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BMJ. British Medical Journal. 2004 Nov 27; 329:1281-1283.WHO’s “3 by 5” initiative to increase access to antiretroviral drugs to people with AIDS in developing countries is highly ambitious. Some of the biggest obstacles relate to delivering care. Access to good quality antiretroviral treatment has transformed the prognosis for people with AIDS in the developed world. Although it is feasible and desirable to deliver antiretroviral drugs in resource poor settings, few of the 95% of people with HIV and AIDS who live in developing countries receive them. The World Health Organization has launched a programme to deliver antiretroviral drugs to three million people with AIDS in the developing world by 2005, the “3 by 5” initiative. We identify some of the challenges faced by the initiative, focusing on delivery of care. (excerpt)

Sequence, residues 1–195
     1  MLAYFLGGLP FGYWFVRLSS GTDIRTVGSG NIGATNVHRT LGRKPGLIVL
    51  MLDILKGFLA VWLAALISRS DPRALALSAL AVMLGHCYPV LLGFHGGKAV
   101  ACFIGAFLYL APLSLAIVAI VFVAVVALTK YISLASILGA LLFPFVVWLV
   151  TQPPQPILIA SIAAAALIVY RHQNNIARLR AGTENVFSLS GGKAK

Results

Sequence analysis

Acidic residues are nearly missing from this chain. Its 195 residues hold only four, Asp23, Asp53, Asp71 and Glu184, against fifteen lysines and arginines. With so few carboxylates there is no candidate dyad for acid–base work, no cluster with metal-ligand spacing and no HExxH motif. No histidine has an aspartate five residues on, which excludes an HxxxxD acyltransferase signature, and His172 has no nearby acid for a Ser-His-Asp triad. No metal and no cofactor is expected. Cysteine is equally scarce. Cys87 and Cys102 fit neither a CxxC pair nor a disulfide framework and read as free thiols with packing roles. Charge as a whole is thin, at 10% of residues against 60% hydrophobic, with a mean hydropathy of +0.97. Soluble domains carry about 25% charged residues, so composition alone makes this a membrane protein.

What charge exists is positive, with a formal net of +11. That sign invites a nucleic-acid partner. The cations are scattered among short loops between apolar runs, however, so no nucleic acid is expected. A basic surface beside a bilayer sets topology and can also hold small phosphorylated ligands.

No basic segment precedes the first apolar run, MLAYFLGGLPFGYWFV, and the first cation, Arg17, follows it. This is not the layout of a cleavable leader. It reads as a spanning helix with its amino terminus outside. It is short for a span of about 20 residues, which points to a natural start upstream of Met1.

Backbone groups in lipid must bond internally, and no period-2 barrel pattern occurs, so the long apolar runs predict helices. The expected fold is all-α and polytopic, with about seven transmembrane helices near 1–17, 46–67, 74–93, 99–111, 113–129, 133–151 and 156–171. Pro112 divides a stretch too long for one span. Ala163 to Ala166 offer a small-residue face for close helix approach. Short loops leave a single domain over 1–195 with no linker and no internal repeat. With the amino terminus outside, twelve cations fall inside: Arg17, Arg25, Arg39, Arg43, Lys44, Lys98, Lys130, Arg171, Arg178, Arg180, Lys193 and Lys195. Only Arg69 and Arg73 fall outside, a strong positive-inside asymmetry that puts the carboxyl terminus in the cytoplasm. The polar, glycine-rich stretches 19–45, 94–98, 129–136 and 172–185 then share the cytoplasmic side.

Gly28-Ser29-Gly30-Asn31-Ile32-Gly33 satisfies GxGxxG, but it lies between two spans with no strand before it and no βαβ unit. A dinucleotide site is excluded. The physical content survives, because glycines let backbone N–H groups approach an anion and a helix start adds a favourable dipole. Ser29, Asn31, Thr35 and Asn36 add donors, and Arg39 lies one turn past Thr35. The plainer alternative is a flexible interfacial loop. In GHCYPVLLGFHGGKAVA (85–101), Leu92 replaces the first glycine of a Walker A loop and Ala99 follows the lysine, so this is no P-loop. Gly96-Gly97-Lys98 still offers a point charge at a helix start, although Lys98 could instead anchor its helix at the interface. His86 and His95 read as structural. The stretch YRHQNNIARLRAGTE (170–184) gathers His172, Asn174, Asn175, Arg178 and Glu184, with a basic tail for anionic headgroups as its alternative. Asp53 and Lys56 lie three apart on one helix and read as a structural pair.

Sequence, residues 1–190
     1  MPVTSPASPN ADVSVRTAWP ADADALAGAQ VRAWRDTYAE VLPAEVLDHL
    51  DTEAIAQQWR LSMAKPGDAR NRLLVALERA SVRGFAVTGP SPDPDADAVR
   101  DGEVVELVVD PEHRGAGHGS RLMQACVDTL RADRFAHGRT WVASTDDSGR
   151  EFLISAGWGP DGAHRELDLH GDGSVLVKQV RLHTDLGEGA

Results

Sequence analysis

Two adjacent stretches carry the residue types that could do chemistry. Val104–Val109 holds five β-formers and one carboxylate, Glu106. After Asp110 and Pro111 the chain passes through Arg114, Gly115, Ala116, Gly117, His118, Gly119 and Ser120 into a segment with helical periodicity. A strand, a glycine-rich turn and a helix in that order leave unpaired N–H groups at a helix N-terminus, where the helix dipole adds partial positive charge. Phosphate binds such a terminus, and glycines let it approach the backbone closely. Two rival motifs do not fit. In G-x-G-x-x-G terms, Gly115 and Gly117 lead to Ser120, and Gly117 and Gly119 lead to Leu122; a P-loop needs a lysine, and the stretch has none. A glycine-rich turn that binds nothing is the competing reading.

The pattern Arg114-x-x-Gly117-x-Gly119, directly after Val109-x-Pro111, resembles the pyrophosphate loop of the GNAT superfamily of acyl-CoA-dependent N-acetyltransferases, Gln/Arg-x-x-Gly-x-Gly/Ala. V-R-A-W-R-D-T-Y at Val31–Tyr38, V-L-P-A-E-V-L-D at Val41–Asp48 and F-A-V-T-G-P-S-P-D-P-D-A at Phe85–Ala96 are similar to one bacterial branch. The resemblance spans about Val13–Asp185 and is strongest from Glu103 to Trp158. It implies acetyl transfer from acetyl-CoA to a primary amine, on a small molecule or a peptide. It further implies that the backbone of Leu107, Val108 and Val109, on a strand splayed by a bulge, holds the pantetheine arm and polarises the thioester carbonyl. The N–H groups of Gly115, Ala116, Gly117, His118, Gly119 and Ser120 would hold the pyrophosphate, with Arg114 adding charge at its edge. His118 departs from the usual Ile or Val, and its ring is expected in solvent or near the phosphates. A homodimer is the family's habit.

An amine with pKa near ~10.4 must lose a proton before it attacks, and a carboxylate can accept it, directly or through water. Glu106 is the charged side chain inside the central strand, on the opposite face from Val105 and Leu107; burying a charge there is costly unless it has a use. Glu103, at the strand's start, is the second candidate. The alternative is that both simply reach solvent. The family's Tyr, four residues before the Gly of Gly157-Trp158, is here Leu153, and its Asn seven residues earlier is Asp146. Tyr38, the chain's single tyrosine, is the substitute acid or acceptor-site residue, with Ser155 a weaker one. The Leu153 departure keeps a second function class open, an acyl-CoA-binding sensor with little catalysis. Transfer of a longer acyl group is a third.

In: Health care of women and children in developing countries, [edited by] Helen M. Wallace, Kanti Giri. Oakland, California, Third Party Publishing, 1990. 85-95.Primary health care (PHC) taken alone is not enough to significantly reduce the death and suffering currently experienced by 3rd world nations. There are a variety of other factors such as severe poverty, lack of education, contaminated environments, social fragmentation, and political instability that prevent people from leading healthy and productive lives. The purpose of this chapter is to make some brief observations about the nature of health problems of mother and children in developing countries and use some of these problems as models for discussing broader issues, followed by an examination of some approaches to the design, management, and evaluation of PHC systems. The discussion includes social, economic, and political factors that determine health outcomes. It is clear from the available data that recurrent health problems exist for mothers and children in the 3rd world. The primary causes of ill health and death for children are malnutrition, immunizable diseases, diarrheal diseases, and acute respiratory infection. The primary cause of ill health and death for mothers are associated with pregnancy and child birth. In order to achieve health care for everyone, the World Health Organization follows 5 essential rules; universal coverage with care based on need or risk; effective, affordable, accessible, culturally acceptable care; promotive, preventive, curative, rehabilitative; community participation that promote self-reliance; and interaction with other sectors of development.